Physics is the science that is of immediate relevance to everyday life, allowing you to make sense of many environmental and technological issues, whilst at the same time addressing momentous questions concerning the existence and properties of the Universe; not quite the answer to everything – but almost.
Much of the appeal of Physics lies in the beauty of its logic. In addition it involves creativity since originality and imagination are vital for developing novel solutions to problems, theoretical explanations and experimental approaches.
Our Physics events have included visiting speakers on the Large Hadron Collider and on Cosmology. Other oportunities have included a Cosmology study day at the Kavli Institute in Cambridge, plus a High Energy Physics Masterclass and evening lectures at The Cavendish Laboratory at the University of Cambridge.
Each year several of our students have been involved in the Engineering Education Scheme and we have enjoyed successful participation in the British Physics Olympiad. In addition, some of our students have been awarded Nuffield Bursaries to undertake projects with teams from local industry and research laboratories.
Physics today is a truly international enterprise with constant communication and co-operation between physicists in different countries.
You will be considering this, as well as the contributions of physicists of many nationalities and cultures, as theories have developed over the centuries.
The technological applications of Physics have a huge impact across the globe and you will investigate this, discussing issues such as the importance of using science in an equitable way to make the world a fairer place.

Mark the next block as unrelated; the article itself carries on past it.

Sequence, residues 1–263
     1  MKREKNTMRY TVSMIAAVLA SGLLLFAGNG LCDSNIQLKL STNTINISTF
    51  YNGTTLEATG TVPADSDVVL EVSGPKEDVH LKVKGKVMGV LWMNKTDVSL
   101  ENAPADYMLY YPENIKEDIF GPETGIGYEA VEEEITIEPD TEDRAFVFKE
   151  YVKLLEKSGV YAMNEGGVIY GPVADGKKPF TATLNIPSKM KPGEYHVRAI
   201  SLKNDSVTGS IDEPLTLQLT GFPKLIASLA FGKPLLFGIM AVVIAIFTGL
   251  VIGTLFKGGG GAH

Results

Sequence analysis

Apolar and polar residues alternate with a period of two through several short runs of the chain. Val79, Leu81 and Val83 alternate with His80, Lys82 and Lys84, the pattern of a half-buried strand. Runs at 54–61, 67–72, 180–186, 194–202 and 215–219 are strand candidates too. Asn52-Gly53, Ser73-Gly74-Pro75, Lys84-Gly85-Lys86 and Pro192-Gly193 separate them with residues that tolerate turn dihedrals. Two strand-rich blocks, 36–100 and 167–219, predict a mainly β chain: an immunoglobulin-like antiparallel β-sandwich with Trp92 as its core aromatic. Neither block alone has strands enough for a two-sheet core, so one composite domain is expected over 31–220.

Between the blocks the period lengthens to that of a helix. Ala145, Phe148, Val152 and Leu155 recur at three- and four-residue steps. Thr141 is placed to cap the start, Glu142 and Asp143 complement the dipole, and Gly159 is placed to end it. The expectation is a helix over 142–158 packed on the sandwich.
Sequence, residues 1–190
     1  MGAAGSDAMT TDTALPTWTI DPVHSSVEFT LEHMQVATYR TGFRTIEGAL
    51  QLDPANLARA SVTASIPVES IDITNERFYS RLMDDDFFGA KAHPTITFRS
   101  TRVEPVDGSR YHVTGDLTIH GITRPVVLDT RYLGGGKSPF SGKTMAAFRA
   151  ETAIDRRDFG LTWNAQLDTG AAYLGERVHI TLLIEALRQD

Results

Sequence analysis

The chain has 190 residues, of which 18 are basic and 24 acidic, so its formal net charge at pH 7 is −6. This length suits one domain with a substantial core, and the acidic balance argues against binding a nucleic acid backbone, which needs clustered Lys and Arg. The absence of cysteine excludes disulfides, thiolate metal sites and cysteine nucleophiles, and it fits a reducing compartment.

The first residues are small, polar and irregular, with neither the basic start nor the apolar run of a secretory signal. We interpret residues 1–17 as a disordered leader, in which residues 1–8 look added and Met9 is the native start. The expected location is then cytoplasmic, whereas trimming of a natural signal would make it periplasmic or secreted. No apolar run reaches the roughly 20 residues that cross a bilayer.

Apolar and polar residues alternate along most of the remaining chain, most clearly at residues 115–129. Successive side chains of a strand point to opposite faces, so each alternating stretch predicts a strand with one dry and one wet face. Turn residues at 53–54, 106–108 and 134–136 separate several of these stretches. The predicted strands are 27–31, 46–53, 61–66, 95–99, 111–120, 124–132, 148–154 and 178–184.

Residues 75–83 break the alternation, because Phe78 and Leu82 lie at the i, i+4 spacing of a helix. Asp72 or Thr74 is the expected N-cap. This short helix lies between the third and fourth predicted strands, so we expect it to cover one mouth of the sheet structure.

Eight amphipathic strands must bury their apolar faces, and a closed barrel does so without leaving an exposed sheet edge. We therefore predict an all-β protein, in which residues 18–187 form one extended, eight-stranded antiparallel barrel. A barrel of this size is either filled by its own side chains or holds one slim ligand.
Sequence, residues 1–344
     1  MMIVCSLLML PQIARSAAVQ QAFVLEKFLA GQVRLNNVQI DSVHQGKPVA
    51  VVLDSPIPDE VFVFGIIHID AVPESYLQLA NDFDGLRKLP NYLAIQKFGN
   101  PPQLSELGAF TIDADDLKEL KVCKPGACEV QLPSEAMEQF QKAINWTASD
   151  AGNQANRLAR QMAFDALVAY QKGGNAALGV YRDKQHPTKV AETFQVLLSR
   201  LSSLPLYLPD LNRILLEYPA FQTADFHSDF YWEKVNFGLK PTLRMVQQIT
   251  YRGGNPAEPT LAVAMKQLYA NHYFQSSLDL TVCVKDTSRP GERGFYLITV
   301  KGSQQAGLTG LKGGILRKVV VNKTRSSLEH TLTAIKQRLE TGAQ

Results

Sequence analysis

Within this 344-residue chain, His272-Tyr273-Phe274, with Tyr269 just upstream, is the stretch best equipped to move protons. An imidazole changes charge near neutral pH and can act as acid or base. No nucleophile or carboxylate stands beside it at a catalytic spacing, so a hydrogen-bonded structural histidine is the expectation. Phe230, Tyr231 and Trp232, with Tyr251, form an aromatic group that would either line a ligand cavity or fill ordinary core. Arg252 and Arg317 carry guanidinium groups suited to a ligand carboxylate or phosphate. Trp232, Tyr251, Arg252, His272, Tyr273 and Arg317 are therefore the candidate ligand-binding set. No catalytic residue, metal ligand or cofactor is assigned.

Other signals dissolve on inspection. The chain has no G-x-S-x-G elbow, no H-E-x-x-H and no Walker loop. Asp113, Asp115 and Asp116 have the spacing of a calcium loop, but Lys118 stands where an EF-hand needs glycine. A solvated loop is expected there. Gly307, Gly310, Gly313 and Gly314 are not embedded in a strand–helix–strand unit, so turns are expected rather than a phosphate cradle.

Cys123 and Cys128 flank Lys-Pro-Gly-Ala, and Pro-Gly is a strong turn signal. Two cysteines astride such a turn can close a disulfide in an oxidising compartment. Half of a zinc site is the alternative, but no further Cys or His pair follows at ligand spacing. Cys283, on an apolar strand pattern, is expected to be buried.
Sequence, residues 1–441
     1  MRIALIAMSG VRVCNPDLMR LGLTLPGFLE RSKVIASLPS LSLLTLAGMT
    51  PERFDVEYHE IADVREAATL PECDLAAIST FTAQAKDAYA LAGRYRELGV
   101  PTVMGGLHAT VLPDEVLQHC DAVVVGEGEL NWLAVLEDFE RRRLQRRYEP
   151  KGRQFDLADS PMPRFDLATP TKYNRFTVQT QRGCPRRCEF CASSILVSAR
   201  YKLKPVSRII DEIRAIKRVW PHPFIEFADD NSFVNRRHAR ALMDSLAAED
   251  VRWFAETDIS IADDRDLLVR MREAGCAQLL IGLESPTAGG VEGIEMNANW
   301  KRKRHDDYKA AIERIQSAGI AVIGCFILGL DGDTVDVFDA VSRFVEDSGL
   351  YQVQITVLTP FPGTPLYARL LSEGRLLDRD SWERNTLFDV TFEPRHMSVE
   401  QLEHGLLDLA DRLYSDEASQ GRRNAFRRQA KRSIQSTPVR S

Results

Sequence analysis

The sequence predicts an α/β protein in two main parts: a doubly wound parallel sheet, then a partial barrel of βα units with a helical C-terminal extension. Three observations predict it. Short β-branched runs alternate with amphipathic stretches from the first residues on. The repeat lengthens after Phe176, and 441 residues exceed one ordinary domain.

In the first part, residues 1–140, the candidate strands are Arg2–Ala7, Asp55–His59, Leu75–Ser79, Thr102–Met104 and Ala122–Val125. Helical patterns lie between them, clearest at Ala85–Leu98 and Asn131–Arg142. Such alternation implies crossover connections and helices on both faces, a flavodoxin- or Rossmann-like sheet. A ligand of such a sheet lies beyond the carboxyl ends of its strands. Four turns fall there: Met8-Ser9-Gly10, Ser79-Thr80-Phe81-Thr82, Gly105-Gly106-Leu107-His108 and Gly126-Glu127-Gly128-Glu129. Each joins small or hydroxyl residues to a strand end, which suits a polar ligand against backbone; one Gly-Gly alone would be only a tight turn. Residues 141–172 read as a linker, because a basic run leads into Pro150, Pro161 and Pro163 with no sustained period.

We will be pursuing links with schools overseas, and so you may have opportunities to correspond with Physics students in other countries and hence develop a deeper international perspective on all aspects of science.
Core topics covered will be:
- Measurement and uncertainties
- Thermal physics
- Waves and wave phenomena
- Electricity, magnetism and electromagnetic induction
- Circular motion and gravitational fields
- Atomic, nuclear, quantum and particle physics
- Energy production
In addition to the core, one option topic will be covered from: relativity, engineering physics, imaging, astrophysics.
Experimental work is integral to the experience in any of the Group 4 courses.
Practical activities will enable you to interact directly with natural phenomena and secondary data sources. You will have the opportunity to design investigations, collect data, develop your manipulative skills, analyse results, collaborate with peers and evaluate and communicate your findings.
By carrying out some of the same processes that scientists undertake you will experience the nature of scientific thought and investigation and consider and examine questions and curiosities.
All scientific theories and laws begin with observations. Experimental skills will be developed by spending 10 hours on the collaborative Group 4 project and completing a programme of 40 hours of practical work in lessons.
You will be assessed on your practical skills through an investigative task spanning a further 10 hours of Biology lesson time, and some aspects of experimental work are likely to be examined in the formal written papers at the end of the course.
All IB examinations are in May of the Upper 6th.
Assessment is comprised of three written papers.
Paper 1: Multiple choice questions (20%)
Paper 2: Short answer and extended response questions on theory content (36%)
Paper 3: Short answer and data analysis questions on the compulsory experiments; short answer and extended response questions on the Option topic (24%)
Internal Assessment: one extended practical investigation (20%)
We suggest that you take Mathematics at Standard Level or Higher Level in order to follow the Higher Level Physics course.